How to Protect a WordPress site from being Hacked

“WordPress is the best thing ever! I love it!” – said no person ever who’s site got hacked. People tend to blame their hosting providers, plugin, theme and WordPress developers, hackers for not having a better thing to do than hack their site… The reality is simple. This can happen to anyone and it’s your responsibility to prevent it. Or at least make it extremely difficult. If you are reading this, you probably had a bad experience with malware or you’ve heard stories and don’t want that from happening to you. It is not completely wrong to start with the question: “Why did my site get hacked?”. It’s a reasonable thing to ask. Hackers may do it for fun or with a purpose, but that shouldn’t concern you. The more important questions is: “HOW did my site get hacked?” because when you answer that question, you learn what was the weakness that was exploited by the hacker and you can do something to eliminate it. Luckily, this question has been answered many times before, so we already have a good idea about what are some of the most exploited weaknesses of WordPress and what we should do about that.

Here’s a list of 5 things you need to do to protect your WordPress site

1. Protecting the WordPress login page

By default, the WordPress dashboard login page can be accessed by adding ‘/wp-admin’ (or ‘/wp-login.php’) to the domain name – i.e. domain.com/wp-admin (or domain.com/wp-login.php). This means that anyone with internet connection and a browser can access your login page with ease. All they have to do is guess your username and password, which is of course, not easy. That’s where Brute Force Attack comes into play. Brute Force Attack means that hacker will be making an infinite number of attempts to log in by guessing the username and password. This is done by using a computer program, so the hacker might actually try thousands of combinations, depending on the speed of their hardware, until one of them works. After they are logged in as an admin user, there are no limitations. You may opt for one or more (or all) of the following suggestions:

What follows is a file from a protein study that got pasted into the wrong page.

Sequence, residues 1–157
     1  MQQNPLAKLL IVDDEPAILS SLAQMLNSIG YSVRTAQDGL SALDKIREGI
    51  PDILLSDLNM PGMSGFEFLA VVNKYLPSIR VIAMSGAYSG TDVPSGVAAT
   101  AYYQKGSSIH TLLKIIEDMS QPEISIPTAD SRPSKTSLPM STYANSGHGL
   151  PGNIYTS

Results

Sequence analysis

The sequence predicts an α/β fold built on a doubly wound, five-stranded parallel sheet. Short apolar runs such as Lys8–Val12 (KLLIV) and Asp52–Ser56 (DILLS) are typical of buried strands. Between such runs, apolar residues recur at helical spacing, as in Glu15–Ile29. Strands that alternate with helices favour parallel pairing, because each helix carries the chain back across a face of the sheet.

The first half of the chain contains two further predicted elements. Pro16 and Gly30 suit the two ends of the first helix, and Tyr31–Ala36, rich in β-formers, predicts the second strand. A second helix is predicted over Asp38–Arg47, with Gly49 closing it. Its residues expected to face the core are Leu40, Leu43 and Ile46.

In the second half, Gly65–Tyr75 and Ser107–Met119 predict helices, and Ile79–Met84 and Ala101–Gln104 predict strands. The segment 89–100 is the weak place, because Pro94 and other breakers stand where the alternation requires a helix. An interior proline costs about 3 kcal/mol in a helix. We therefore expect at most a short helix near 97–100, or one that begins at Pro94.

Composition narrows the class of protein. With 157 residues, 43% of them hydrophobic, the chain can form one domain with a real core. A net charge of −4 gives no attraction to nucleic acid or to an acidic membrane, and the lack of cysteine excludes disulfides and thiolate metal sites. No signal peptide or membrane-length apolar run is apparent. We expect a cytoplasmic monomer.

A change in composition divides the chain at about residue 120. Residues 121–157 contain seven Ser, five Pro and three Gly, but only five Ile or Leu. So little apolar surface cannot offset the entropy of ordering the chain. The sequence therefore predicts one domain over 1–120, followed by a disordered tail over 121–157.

Limit login attempts

The Limit Login Attempts Reloaded is a good choice if you want a light-weight plugin. It does exactly as the title suggests. The iThemes Security (formerly BetterWP Security) is more versatile and quite popular. If you limit the number of login attempts to 3, you are making it difficult for the person trying to force their way into the admin dashboard because they will not have an unlimited number of attempts. And what are the chances of a hacker guessing the credentials in 3 attempts? You’d have to be the unluckiest person in the world (or use predictable credentials). Which leads us to…

Adjust your passwords

Adjusting your passwords (and usernames) is also a very important part of the login security. Some people just don’t want to get creative at all and use very predictable usernames (first names: Tom, Jerry, Spike etc.) and passwords ([email protected] and similar). Important note – don’t use ‘admin’ as a username because this is a predictable username and you are basically eliminating a lot from the equation for someone trying to force their way in. You can use password generators or even password managers (this will save you the trouble of remembering a password).

Change your login URL path

As mentioned before, WordPress admin login can be accessed by adding ‘/wp-admin’ or ‘wp-login.php’ to the domain name. This is how the WordPress is set up by default. There are some plugins that can change this, so instead of domain.com/wp-admin, you would have to type domain.com/login (of course ‘login’ is a bad idea. Predictable.). This adds one more variable for the hackers to figure out, since now they have to guess the login URL besides already having to guess username and password. The WPS Hide Login provides this functionality.

Log out idle users

This means that after some time of inactivity, the user will be logged out and the plugin Inactive Logout adds this feature to your WordPress site. Imagine someone logging in and leaving the WordPress dashboard open. Anyone passing by can edit your site content. Or maybe you logged in using your friend’s device,  and that person is a prankster.

Two-factor authentication

It might sound like an overkill but think of it this way – banks are using it. Means it’s a pretty good method and only you (or person holding your phone) can log in. Basically, the plugin will send a secret code to your phone every time you attempt to login and you will be prompted for that security code on the login page. There are a few plugins that provide this functionality like: – Google Authenticator – WordPress Two Factor Authentication (2FA) Two Factor Authentication (by UpdraftPlus authors).

2. Secure your files and database

All hosting companies say that their servers are secure because they have to, but that’s an idle boast. It can happen that files with malicious content are uploaded or some existing files on the server can be changed. There are a few things that can be done, however, to make it difficult for someone to access the files on your server. All of these things can be done by editing configuration files on your server or by using a security plugin like All-in-One WP Security or similar.  There are pros and cons to using a plugin.

Pros

  • Easy to use
  • Options are enabled/disabled with a few clicks

Cons

  • Slower performance
  • Possible conflicts with other plugins/themes

Set directory permissions carefully